Could SSRIs trigger osteoporosis?

Could SSRIs be linked with brittle bones? Sanjay Tanday investigates.

What is the story?
Regular use of commonly prescribed antidepressants may increase the risk of osteoporosis in the elderly, according to US media reports.

Researchers found that people who used SSRIs such as Prozac (fluoxetine) or Seroxat (paroxetine) developed thinner bones than those who did not take them.

Hip bone mineral density (BMD) readings were found to be 3.9 per cent lower among men who had taken SSRIs.

In women, SSRI use caused BMD at the hip to decrease by 0.82 per cent annually compared with a decrease of 0.47 per cent among women who did not use antidepressants.

The findings suggest SSRIs may interfere with the cells responsible for regular breakdown and rebuilding of bone.

Previous research has shown that serotonin receptors and the serotonin transporter have been found in osteoblasts and osteocytes, suggesting a role for SSRIs in bone physiology.

What is the research?
The reports are based on US studies that investigated the potential association between SSRIs and bone loss.

Researchers from Minnesota University assessed use of SSRIs and tricyclic antidepressants (TCAs) in 2,722 women, with an average age of 79, who had enrolled in a study of osteoporotic fractures.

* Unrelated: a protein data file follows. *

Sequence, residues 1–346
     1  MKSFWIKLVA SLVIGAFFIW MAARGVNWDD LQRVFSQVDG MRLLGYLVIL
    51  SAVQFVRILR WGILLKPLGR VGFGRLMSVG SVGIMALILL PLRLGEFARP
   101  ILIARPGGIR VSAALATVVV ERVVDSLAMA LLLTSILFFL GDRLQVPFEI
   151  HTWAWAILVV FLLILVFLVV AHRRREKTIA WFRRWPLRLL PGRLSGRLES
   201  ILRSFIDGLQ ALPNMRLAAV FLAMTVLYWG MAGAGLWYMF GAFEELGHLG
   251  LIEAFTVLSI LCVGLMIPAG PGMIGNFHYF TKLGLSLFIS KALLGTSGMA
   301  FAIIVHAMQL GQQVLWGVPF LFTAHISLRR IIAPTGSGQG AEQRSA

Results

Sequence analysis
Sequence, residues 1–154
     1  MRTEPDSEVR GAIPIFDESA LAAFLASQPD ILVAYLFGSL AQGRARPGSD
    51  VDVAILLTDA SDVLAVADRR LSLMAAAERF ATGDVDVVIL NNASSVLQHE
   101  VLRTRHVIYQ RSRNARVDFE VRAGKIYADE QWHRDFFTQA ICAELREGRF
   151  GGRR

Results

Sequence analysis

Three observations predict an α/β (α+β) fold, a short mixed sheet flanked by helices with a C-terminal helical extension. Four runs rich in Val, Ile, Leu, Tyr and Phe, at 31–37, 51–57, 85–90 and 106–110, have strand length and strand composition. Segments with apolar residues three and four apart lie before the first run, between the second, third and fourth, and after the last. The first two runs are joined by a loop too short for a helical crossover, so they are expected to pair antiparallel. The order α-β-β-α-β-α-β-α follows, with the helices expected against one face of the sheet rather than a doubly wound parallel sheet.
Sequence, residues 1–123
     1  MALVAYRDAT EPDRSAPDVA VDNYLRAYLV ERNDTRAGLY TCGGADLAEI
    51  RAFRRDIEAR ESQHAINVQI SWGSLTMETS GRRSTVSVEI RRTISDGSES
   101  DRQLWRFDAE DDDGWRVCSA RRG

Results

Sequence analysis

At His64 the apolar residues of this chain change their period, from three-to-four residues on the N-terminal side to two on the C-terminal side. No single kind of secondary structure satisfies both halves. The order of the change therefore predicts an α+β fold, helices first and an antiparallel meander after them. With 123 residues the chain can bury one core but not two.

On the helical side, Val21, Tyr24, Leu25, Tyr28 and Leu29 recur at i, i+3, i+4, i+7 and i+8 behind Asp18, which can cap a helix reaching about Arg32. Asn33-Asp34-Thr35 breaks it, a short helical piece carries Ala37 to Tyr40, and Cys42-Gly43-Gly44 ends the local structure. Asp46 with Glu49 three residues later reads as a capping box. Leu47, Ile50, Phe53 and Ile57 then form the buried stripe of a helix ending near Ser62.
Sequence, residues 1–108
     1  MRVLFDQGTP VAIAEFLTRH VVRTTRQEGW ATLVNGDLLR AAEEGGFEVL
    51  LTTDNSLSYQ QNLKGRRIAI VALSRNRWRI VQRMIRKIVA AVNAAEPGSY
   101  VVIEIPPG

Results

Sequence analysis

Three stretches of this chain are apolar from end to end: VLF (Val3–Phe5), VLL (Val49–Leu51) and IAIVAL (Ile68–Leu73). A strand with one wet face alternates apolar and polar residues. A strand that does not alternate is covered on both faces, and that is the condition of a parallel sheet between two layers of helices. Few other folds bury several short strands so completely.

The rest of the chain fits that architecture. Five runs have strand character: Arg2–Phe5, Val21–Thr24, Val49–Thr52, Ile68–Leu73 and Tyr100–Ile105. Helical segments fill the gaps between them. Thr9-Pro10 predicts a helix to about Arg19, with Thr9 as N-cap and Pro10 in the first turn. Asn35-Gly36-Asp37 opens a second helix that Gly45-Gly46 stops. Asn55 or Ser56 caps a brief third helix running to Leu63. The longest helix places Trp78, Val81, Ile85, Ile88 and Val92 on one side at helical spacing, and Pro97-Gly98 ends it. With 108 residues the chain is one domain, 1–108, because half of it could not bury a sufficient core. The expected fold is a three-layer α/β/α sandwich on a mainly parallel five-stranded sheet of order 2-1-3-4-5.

The researchers identified 198 women as SSRI users, 118 as users of TCA and 2,406 as non-users of either.

Measurements of hip BMD were taken from each participant at the beginning of the study and five years later.

BMD at the hip decreased by 0.82 per cent per year in SSRI users, compared with a decrease of 0.47 per cent per year in those who used TCAs and those who did not take antidepressants.

Other risk factors such as depression severity and calcium supplement use were adjusted for.

Another study, conducted by researchers from the Health and Sciences University in Portland, examined the link between SSRIs and loss of bone mineral density in 5,995 men aged 65 and over, 160 of whom used SSRIs.

Measurements of BMD at the hip were taken at the start of the study and then two years later, at the end. Total hip BMD was found to be 3.9 per cent lower among SSRI users than among non-users, decreasing from 0.96g/cm2 to 0.92g/cm2.

What do the researchers say?
Lead researcher of the Minnesota University study Dr Susan Diem, an expert in epidemiology clinical research, said: 'One explanation for our findings is that SSRIs may have a direct deleterious effect on bone.

'This theory is supported by findings of in vitro and in vivo laboratory investigations.'

But further investigation of SSRIs and rates of change in BMD in other populations with longer follow-up is warranted.

Lead researcher of the Portland study, Dr Elizabeth Haney, from the division of general internal medicine and geriatrics, said that because of the prevalence of SSRI use in the general population, the findings suggest people using SSRIs may need osteoporosis screening.

What do other experts say?
North Shields GP Dr Dave Tomson, who has an interest in mental health, said that the studies underline the need to only prescribe antidepressants to patients where benefits will outweigh the risks.

Arch Intern Med 2007;167:1,240-51


  • Using SSRIs reduced hip bone density by 3.9 per cent in elderly men.
  • In elderly women, use of SSRIs almost doubled the rate of hip bone loss from 0.47 to 0.82 per cent.
  • GPs should advise SSRI use only when benefits clearly outweigh risks.
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